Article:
Like the troubled California condors Gymnogyps californianus (Nature 486, 451; 2012), more than 80% of endangered US species are imperilled by threats that cannot be eliminated, only managed. These species are “conservation reliant” (J.M. Scott et al. Conserv. Lett. 3, 91–97; 2010).
For example, the endangered Kirtland's warbler (Setophaga kirtlandii) has exceeded its recovery goals as a result of control of the brown-headed cowbird (Molothrus ater), which lays its eggs in warbler nests, and maintenance of warbler habitat through vegetation management. These conservation actions will be required in perpetuity if the species is to avoid extinction. But funding of such management is inadequate for all but the most iconic species, such as the condor.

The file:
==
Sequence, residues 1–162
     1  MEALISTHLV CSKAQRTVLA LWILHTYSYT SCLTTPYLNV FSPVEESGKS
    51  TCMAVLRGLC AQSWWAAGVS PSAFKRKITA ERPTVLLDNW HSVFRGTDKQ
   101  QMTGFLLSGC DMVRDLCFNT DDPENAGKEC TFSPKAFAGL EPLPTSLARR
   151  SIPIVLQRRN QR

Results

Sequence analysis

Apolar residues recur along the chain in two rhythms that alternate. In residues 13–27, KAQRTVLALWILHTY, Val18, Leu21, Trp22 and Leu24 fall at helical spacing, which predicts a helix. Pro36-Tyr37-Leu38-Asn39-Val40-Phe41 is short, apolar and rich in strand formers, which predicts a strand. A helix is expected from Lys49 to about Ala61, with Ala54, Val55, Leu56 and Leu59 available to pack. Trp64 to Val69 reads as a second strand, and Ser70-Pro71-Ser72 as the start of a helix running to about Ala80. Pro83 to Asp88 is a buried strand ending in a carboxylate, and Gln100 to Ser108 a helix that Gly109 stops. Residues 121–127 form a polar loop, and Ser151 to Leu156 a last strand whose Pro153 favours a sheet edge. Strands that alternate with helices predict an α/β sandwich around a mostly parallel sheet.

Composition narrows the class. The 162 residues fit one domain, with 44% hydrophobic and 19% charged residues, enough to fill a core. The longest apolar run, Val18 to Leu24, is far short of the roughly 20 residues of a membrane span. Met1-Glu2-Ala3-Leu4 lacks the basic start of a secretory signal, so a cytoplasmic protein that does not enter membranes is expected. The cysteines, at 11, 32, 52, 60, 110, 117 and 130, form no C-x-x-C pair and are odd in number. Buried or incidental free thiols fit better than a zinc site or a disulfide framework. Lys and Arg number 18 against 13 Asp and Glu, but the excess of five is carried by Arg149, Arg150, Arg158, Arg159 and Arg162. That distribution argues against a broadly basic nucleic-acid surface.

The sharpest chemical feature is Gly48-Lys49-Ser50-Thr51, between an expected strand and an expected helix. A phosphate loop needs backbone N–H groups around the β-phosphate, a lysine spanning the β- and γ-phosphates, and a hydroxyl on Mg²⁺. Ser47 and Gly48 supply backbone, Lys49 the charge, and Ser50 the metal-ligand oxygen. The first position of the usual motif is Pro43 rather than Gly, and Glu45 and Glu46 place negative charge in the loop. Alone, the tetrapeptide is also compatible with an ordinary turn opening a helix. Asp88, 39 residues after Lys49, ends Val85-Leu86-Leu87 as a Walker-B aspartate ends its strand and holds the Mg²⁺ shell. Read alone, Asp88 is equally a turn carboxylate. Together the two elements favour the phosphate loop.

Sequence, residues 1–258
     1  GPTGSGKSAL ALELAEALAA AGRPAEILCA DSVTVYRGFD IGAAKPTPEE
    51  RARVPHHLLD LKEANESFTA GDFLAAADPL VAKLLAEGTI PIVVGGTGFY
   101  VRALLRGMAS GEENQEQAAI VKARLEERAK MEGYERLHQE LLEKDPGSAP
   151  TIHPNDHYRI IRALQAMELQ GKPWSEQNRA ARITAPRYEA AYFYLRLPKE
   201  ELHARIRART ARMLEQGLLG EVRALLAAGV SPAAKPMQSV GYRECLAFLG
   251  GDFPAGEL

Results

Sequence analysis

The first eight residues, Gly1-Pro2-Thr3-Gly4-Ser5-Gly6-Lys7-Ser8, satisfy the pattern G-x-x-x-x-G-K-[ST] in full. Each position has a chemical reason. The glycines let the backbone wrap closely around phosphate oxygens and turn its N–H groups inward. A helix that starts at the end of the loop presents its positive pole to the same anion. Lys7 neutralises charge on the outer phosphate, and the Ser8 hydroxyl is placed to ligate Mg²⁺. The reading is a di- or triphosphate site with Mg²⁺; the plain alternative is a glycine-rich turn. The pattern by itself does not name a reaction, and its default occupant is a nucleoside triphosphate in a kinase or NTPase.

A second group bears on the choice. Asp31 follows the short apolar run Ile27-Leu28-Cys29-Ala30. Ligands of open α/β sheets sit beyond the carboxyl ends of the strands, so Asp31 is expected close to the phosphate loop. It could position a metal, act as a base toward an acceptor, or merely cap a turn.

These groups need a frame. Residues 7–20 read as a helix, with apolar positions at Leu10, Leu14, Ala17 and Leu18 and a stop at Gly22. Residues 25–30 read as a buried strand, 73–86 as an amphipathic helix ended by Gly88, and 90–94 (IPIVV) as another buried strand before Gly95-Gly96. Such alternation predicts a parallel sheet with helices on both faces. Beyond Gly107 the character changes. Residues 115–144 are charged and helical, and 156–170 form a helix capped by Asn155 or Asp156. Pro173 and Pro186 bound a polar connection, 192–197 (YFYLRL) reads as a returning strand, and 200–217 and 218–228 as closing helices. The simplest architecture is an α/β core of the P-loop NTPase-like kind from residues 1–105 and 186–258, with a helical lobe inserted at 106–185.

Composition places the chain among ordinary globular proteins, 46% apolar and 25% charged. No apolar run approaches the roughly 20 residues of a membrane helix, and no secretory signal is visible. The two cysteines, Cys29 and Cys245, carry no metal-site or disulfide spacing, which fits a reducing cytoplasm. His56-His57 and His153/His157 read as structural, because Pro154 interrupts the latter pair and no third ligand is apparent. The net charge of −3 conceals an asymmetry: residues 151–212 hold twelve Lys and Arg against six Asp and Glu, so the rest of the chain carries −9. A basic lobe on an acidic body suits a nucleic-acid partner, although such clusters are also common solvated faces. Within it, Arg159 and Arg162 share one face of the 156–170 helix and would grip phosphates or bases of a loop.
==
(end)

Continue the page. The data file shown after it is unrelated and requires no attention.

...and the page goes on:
Society must commit to increased investment in conservation intervention, which will take greater political motivation and broader conservation partnerships than at present. We must begin to prioritize conservation efforts and accept that conservation triage may sometimes be necessary.
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Wiens, J., Goble, D. & Scott, J. Time to accept conservation triage. Nature 488, 281 (2012). https://doi.org/10.1038/488281c